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Seb Anthony

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Managers and choosing training….


Obviously you usually identify people with a training need and fill the gap.

My question refers more to the process of training someone to further develop rather than filling a gap. Managers need to fairly choose the right person(s) to be given the opportunity to attend. Examples may be: Have they already been on training in the last 6 months? If yes you may want to allocate it to someone who hasnt received any yet.
Has the person been on disciplinary in the last 6 months? if yes then someone who has been performing well may be more appriopriate.

Any tips, suggestions would be great.
Tom Sutherland

5 Responses

  1. Business Interest
    Surely this should be a matter of business interest even for further development.

    The only question that should be applied (in my opinion) is which individual will bring the most benefit to the business as a direct result of training?

    The point of training is to enhance individual skills to bring direct business benefits – if the training to be provided doesn’t fit this criteria then perhaps the question should be – why are we doing this training? Rather than who should we send on this course?

    It has to be said that delivering training by “fairness” i.e. he’s had 3 courses this year and she’s had none or by “disciplinary record” i.e. that person has been off sick 3 times this year and thus been on a disciplinary (despite 25 years of untarnished service) so let’s not train her and let’s train the new starter instead even though he’s only been here 3 months but he’s not been disciplined yet – just doesn’t make sense, from a commercial point of view at all.

  2. Training for personal development
    Assuming your managers have regular development discussions with their employees, a process that I have used successfully in the past was categorising needs in to short term, medium term and long term.

    Short term = needs the training to fulfil their role
    Medium term = Needs the training to move either to next role or to adapt to any future changes in the current role
    Long term = Training for personal development (and possible long term business benefit).

    Training courses were always filled with short term needs first, any places left over were for the medium term needs, and if any places were available after this then these were offered to the long term needs with the ones who had been waiting longest taking priority. My target as training manager was to ensure all short term needs were actioned within 3 months and it was rare with the number of courses that we ran to meet this objective that a person with a long term need would have to wait longer than 12 months before being offered a place.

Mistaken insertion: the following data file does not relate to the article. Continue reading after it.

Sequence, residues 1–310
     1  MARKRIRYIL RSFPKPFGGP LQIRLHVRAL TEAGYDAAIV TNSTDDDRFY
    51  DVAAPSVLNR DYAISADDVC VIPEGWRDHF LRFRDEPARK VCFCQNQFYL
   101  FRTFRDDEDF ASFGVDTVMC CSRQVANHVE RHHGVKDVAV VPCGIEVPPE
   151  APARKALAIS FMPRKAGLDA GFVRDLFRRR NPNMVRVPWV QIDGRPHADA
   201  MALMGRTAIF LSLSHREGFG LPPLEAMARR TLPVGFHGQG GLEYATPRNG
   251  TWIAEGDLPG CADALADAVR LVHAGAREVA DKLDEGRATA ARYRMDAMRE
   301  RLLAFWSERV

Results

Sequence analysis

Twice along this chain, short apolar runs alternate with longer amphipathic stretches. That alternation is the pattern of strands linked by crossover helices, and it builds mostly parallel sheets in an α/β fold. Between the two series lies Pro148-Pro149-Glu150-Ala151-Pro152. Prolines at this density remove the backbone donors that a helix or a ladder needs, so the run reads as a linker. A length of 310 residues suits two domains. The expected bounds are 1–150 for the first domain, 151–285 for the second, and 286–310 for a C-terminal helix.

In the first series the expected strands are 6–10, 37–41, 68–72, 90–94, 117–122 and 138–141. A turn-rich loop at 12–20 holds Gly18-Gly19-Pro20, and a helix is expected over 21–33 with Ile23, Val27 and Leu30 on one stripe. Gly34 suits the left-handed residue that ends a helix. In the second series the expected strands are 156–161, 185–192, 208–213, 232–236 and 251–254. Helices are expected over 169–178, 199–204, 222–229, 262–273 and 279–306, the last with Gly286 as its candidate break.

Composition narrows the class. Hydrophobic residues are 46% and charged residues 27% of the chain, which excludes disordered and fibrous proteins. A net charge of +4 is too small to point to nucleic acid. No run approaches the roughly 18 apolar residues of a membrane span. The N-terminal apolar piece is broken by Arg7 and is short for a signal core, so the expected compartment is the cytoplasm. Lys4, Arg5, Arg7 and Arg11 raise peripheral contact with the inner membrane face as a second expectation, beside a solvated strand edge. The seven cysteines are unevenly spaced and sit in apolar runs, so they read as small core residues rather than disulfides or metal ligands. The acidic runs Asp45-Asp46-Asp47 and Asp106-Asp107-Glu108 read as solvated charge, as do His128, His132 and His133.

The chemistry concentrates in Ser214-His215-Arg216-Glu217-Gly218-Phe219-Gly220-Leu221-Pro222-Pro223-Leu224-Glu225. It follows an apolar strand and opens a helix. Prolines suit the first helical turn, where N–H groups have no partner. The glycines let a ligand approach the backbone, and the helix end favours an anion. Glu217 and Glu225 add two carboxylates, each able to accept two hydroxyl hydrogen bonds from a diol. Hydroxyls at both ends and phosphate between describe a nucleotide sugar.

3. Ask the people you intend to train
    This may sound either completly obvious or totally stupid.

    Why not ask the trainees what they want.

    You might then get people attending training who want to be there instead of just assuming that everyone wants to aspire to the managers position.

    Many do not and if they are forced unwittingly into that position will never give the value of someone who actually wants to be there.

  4. 12 questions to ask
    This resource was downloaded from the Toolkit area of TrainingZONE

    Author and copyright: Trans4mation
    Source: Trans4mation
    Publisher: Trans4mation
    Publisher’s website:

    12 Questions to ask before committing to a training programme

    Is this training event really needed, or can the individual or team provide the solution?

    Is this training necessary for everyone, or can the learning be percolated throughout the team?

    Will the training align individual needs with organisational goals?

    Will the skills to be developed, expected behaviour changes and measures of success be committed to before the training event?

    Will the training be tailored to the current skills levels?

    Will the training inspire the participants to achieve the new skills level required?

    Will you manage your budget on unit cost, (cost per head, total programme cost,) or value for money?

    Will the training improve profitability and increase efficiency, through more purposeful team working and/or by eliminating downstream costs?

    Will the training improve morale and retention of talent?

    Will the training content be based on research and established principles?

    Will the delivery of the training be accessible and memorable?

    Will the training be measured, both quantitatively and qualitatively?

  5. Thanks
    Thanks for all the comments. I realise its an simple one – but for some line managers simple still isnt simple enough – guidelines are always good to make the selection process more consistent.


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